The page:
Atypical hemolytic uremic syndrome induced by CblC subtype of methylmalonic academia: A case report and literature review
Methylmalonic acidemia (MMA) is a common organic acidemia, mainly due to methylmalonyl-CoA mutase (MCM) or its coenzyme cobalamin (VitB12) metabolic disorders. Cobalamin C (CblC) type is the most frequent inborn error of cobalamin metabolism; it can develop symptoms in childhood and often combine multisystem damage, which leads to methylmalonic acid, propionic acid, methyl citrate, and other metabolites abnormal accumulation, causing nerve, liver, kidney, bone marrow, and other organ damage.Patient concerns:
A 4-year-old girl presented with paleness, fatigue, severe normochromic anemia, and acute kidney injury.Diagnosis:
Based on severe normochromic anemia and acute kidney injury, renal biopsy showed membranous proliferative glomerular lesions and thrombotic microvascular disease, supporting the diagnosis of aHUS. Although the serum vitamin B12 was normal, further investigation found the concentration of urinary methylmalonic acid and serum homocysteine increased obviously, genetic analysis revealed a heterozygous MMACHC mutation (exonl: c. 80A >G, c. 609G >A). The final diagnosis was aHUS induced by inherited methylmalonic acidemia (MMACHC heterozygous mutation exonl: c. 80A >G, c. 609G >A).Interventions:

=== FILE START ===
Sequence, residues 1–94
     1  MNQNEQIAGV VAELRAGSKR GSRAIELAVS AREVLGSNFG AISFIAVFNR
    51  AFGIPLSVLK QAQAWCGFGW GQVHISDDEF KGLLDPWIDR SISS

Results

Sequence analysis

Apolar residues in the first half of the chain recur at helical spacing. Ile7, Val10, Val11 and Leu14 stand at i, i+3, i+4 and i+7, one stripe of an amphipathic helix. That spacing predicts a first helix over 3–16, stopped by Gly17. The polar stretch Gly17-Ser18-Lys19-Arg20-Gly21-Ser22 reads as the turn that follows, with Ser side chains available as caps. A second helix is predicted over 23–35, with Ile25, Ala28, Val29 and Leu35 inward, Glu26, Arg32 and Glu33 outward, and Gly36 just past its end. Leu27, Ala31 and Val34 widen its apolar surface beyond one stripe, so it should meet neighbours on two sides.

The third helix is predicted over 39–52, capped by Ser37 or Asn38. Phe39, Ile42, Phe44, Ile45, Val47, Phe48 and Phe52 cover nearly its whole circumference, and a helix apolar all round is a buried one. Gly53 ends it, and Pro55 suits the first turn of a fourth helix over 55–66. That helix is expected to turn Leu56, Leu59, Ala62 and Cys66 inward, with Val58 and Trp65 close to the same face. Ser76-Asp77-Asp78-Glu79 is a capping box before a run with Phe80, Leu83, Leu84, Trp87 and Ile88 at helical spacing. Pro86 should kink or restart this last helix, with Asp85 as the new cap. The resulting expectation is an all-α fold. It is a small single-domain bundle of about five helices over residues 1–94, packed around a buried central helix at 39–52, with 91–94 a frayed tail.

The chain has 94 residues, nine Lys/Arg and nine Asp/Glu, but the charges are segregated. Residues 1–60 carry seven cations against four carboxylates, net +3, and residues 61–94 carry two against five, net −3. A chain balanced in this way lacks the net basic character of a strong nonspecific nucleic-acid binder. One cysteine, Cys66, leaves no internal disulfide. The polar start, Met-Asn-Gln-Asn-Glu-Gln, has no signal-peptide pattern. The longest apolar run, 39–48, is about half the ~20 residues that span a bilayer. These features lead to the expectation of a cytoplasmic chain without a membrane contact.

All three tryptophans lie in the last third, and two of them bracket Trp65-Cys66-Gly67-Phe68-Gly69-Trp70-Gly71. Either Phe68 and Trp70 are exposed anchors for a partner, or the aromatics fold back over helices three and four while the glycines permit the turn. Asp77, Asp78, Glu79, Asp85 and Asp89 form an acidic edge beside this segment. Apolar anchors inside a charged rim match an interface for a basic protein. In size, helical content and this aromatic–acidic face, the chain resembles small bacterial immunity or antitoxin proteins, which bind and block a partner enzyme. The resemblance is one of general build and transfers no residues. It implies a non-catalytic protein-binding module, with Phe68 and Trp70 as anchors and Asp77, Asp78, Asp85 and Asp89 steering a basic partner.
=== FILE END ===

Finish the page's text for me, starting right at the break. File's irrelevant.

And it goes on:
The patient was treated with a 1mg vitamin B12 intramuscular injection daily for 4 days after which the dose was then adjusted to a 1mg intramuscular injection twice a week. At the same time, the girl was given levocarnitine, betaine, folic acid, along with supportive treatment.Outcomes:
After treated by vitamin B12 for 10 days, the patient condition significantly improved, Follow-up results showed complete recovery of hemoglobin and renal function.Lessons:
Although the majority of MMA onset from neurological damage, our case illustrates that partial CblC-type MMA can onset with severe metabolic aHUS. On the basis of chronic thrombotic microangiopathy (TMA)-induced renal damage, it can be complicated by acute hemolytic lesions. MMA should be considered in those patients with unclear microangiopathic hemolytic anemia accompany significant megaloblastic degeneration in bone marrow. We should pay attention to the causes and adopt a reasonable treatment strategy.